Air Baltic would still consider taking a stretched version of the Airbus A220 – widely dubbed the A220-500 – should the variant become available in the right timeframe for its outstanding order options.
Speaking to FlightGlobal at the Airlines for Europe (A4E) Aviation Summit in late March, the carrier’s chief executive Martin Gauss said discussions on a stretched version of the Pratt & Whitney PW1500G-powered jet have been “going on for a while”, but that the airframer was yet to formally commit to a programme.
Indeed, Airbus has openly talked about the concept in recent years, with chief executive Guillaume Faury reiterating in February that a stretched A220 is a “matter of when not if”, while stressing it is not a short-term priority despite “a very strong appetite” in the market.
Gauss highlights the potential efficiencies of augmenting its all-A220-300 fleet with a variant that features more seats, explaining that should it become available in the timeframe covered by Air Baltic’s 30 order options, “I’m sure that is something we will look at”.
Air Baltic is due to receive all of the A220-300s from its initial 50-unit firm order by 2025, but then has 30 options available as part of that deal.
Gauss stresses, however, that Air Baltic needs to make a decision on its outstanding options soon – perhaps too soon for the A220-500 to be included in any firming of the order.
“For exercising the options we have now, the horizon we have to take aircraft in is pretty soon, because in five-and-a-half years we need to replace our first [A220-300] when the 12-year term is up,” he says in reference to the age of some of its existing A220-300s, which it began receiving – then from Bombardier – in late 2016.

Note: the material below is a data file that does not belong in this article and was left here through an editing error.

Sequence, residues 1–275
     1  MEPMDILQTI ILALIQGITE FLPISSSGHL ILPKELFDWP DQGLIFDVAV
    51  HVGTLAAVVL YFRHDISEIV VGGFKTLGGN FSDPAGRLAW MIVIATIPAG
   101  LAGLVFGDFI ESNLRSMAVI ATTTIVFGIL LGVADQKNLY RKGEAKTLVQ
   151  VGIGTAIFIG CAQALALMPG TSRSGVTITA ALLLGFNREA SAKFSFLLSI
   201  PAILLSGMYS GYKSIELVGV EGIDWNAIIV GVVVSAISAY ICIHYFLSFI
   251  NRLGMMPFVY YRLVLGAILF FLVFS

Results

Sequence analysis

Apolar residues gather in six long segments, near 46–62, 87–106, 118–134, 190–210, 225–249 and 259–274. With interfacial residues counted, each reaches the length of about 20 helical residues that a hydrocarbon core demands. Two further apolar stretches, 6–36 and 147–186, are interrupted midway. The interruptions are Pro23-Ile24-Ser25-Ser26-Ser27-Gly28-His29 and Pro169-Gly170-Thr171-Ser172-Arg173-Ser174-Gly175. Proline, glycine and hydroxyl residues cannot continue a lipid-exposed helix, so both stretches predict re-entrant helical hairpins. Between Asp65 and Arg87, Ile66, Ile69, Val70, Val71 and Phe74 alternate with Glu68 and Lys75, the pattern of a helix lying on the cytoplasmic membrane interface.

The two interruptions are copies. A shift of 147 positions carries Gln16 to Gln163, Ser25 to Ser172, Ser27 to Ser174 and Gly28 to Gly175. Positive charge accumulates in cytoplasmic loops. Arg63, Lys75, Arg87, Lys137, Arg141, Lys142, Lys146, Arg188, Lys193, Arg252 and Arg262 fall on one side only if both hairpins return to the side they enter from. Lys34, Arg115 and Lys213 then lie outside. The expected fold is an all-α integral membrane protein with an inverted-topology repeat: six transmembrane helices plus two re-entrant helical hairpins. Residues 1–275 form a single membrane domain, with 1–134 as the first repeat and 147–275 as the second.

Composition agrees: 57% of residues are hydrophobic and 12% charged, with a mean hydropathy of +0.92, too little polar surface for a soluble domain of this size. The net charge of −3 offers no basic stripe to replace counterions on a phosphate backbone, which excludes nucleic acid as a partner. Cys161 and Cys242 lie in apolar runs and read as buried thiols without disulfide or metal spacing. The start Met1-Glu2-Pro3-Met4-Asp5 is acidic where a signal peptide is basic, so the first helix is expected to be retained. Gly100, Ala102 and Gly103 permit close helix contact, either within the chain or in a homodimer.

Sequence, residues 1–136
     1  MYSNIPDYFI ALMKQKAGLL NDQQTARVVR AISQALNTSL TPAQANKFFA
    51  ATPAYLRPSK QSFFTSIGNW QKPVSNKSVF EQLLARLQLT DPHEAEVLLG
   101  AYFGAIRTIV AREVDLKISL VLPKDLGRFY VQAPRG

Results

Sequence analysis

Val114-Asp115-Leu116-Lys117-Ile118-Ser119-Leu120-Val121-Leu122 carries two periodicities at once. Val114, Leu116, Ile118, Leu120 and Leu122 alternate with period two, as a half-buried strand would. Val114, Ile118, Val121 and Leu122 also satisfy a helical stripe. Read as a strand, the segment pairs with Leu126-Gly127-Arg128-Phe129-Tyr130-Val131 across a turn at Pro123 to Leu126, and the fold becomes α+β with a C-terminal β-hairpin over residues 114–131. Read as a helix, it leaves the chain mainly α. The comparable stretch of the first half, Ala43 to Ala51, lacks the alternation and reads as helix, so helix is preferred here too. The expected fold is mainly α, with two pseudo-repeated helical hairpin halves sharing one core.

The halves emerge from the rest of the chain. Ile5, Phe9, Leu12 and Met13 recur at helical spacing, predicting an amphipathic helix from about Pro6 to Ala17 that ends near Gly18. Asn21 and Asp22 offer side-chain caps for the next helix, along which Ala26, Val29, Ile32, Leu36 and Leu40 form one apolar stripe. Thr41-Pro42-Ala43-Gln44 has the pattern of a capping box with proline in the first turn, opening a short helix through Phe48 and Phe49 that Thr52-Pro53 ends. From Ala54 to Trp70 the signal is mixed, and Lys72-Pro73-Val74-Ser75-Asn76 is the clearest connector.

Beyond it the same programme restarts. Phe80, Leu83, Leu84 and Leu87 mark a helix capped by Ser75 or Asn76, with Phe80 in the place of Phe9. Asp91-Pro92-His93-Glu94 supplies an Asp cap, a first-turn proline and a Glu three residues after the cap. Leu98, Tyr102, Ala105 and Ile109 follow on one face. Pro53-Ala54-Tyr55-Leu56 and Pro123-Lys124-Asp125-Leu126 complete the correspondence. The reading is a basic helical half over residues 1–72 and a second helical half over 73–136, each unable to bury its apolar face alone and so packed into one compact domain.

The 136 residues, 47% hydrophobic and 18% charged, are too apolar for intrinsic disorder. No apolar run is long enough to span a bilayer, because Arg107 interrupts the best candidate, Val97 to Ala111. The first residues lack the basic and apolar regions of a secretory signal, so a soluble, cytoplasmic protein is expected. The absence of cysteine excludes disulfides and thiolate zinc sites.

His views on a potential -500 variant contrast sharply with those on the smaller aircraft in the range, the existing A220-100, which he says is “excluded” from consideration.
As Air Baltic’s fleet evolves, Gauss confirms that a proportion of the operator’s aircraft will continue to be wet-leased out for the foreseeable future and that the airline is seeing favourable financial returns from such deals. Some 14 of its current 40 A220-300s are being wet-leased out for the summer season – including several to Lufthansa Group – partly as Air Baltic’s own post-Covid capacity has moderated amid the impact of the war in Ukraine.
Air Baltic’s current view is that the Baltic countries can accommodate around 40 A220-sized jets by end-2025 – some 10 fewer than it identified before the pandemic and Russia’s invasion of Ukraine.
Like Air Baltic, Air France has often expressed an interest in a stretch of the A220, and in 2019 specifically referred to an “A220-500” in a presentation on its fleet plans.
“If Airbus builds a series -500, a larger model, a -400, whatever it calls it, we’d be very interested in that airplane,” said Air France-KLM chief executive Ben Smith at the time.
Gauss has previously told FlightGlobal that the Airbus A321XLR would be of interest to Air Baltic in the longer term, outside its current order options.